A Guide to Walking More

Walking is the most natural and affordable exercise you can do. Take your first steps towards a healthier lifestyle.
Published November 11, 2015

"Because it's a natural movement, there's little stress on your joints," says fitness trainer Neil Elliot. "Yet walking works so many muscle groups." Uphill walks work our calf muscles, hamstrings and buttocks. Downhill, it's our thighs (quads) and hamstrings. On level ground, our abdominals and lower back. Naturally, legs get a great workout, too. 

Where to walk 
Walk anywhere you find it enjoyable to do so. In the park, by the sea, around your local neighbourhood. "You tend to walk further outdoors," says fitness instructor Julie Gupwell. "It's more refreshing. You can walk on sand, dirt, pavement, up hills - and vary the circuit daily." 

Sports dietitian Dr. Helen O'Connor suggests parking your car further away than you need to. Walk to work, or to the furthest bus stop or subway station. Take the stairs. Or get off the elevator one floor early and walk that extra flight. Give yourself time to walk - leave home a half hour earlier or take 10 extra minutes to walk to the mall. 

Elliot also suggests stepping on a treadmill and walking indoors: "That way, there's no fear of being chased by dogs or run over by cars!" 

How hard and long to walk 
Start with up to a half-mile walk, three to four times a week. Then extend the frequency, aiming for a 30- to 60-minute walk each day of the week. Gradually raise the intensity by walking on inclines, with hand weights or on wet sand. 

As you build your level of fitness, steadily climb to a comfortably challenging pace. You should still be able to hold a conversation even though you're breathing a lot harder. At the end of your session you should be tired and sweaty, but not exhausted. That's when your body's successfully burning calories. Elliot also suggests trying different treadmill programs. Challenge yourself by adjusting incline and speed.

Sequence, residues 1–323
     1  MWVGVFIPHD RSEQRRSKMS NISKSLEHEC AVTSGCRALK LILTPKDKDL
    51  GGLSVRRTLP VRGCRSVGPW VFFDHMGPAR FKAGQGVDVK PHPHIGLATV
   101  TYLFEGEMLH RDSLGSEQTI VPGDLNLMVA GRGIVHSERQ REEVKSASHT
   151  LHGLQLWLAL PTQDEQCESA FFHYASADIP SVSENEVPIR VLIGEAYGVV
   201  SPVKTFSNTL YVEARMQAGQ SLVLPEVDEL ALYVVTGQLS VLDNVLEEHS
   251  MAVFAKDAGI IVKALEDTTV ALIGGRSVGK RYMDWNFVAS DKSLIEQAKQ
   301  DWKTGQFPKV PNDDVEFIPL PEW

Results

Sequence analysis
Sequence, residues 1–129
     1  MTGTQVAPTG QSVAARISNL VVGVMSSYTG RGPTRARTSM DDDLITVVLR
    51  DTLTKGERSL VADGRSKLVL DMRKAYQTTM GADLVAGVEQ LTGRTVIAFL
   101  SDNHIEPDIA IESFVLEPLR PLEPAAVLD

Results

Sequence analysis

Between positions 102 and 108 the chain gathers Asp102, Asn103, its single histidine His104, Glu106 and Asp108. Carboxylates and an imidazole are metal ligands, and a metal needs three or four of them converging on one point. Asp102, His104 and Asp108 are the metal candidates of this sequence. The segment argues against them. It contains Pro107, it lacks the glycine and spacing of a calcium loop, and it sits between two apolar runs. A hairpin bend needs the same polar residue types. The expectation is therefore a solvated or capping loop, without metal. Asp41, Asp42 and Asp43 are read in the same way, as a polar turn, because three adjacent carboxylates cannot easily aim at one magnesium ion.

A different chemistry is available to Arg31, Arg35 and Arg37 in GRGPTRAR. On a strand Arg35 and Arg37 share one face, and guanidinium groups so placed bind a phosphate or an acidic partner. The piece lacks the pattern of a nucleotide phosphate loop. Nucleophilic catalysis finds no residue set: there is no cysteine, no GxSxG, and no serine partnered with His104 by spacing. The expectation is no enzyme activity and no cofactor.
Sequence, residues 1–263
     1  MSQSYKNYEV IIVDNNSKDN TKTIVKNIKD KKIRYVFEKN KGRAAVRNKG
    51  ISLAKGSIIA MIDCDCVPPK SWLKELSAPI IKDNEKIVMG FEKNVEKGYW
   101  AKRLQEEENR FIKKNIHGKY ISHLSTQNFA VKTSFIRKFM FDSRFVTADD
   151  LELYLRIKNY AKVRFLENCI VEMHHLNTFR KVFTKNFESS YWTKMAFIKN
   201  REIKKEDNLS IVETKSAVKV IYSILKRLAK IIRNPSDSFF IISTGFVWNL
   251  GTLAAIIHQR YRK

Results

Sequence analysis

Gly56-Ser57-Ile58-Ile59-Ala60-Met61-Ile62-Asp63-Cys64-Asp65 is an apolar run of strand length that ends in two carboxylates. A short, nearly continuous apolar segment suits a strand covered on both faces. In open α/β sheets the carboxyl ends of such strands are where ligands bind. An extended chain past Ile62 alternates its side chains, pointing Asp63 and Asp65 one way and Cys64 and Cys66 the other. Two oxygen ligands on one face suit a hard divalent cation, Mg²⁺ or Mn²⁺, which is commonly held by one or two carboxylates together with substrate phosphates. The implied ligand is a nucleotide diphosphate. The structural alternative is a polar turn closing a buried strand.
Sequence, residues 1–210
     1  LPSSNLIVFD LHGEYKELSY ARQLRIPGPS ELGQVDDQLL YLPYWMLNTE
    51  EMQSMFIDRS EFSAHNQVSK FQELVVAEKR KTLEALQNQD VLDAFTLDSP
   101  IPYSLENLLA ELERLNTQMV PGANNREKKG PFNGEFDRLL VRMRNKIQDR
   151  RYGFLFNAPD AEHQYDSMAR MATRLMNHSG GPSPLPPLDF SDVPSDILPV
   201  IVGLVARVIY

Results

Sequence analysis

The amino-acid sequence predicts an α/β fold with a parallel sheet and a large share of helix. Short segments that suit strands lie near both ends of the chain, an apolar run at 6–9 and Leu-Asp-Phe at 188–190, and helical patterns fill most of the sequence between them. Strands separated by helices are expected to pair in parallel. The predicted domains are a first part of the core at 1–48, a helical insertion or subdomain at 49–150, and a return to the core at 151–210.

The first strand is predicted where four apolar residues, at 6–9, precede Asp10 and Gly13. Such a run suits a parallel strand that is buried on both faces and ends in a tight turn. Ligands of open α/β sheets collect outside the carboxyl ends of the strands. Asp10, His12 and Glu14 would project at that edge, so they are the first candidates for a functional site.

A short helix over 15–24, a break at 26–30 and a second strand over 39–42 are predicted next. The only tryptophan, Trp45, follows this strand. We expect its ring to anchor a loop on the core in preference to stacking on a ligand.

What to wear 

  • Comfortable clothes made with fabrics that draw sweat away from the skin. Wear layers, and peel them off as you warm. 
  • Athletic shoes that aren't overly snug, because your feet will swell as you walk. Cushioning under the heel and forefoot are important, as is flexibility, so the ball of your foot moves freely.
  • Socks in fibres that evaporate sweat and prevent blisters. Try double-layered or padded socks for walks on hard ground.
  • A pedometer to measure steps taken and walking distance.
  • A water bottle. Drink before you start, and then every half hour, more often if you're sweating.
  • Sun protection like a hat, plus a layer of waterproof sunscreen with an SPF between 15 and 30.
  • Identification and a few dollars, in case of an emergency.
  • Your favourite tunes on a cell phone or portable music player.

Technique tips 

  • The walking step is a rolling motion. Strike the ground with your heel, roll through, then push off with your toe. If your feet land flat, your shoes are probably too stiff.
  • Watch your posture. Imagine that you have a piece of string coming up through the top of your head - this will straighten you up in seconds.
  • Tighten your tummy. It supports your lower back and keeps abdominal muscles strong.
  • Swing your arms naturally; it will help give you rhythm.
  • To walk faster don't lengthen your stride. Take shorter, quicker steps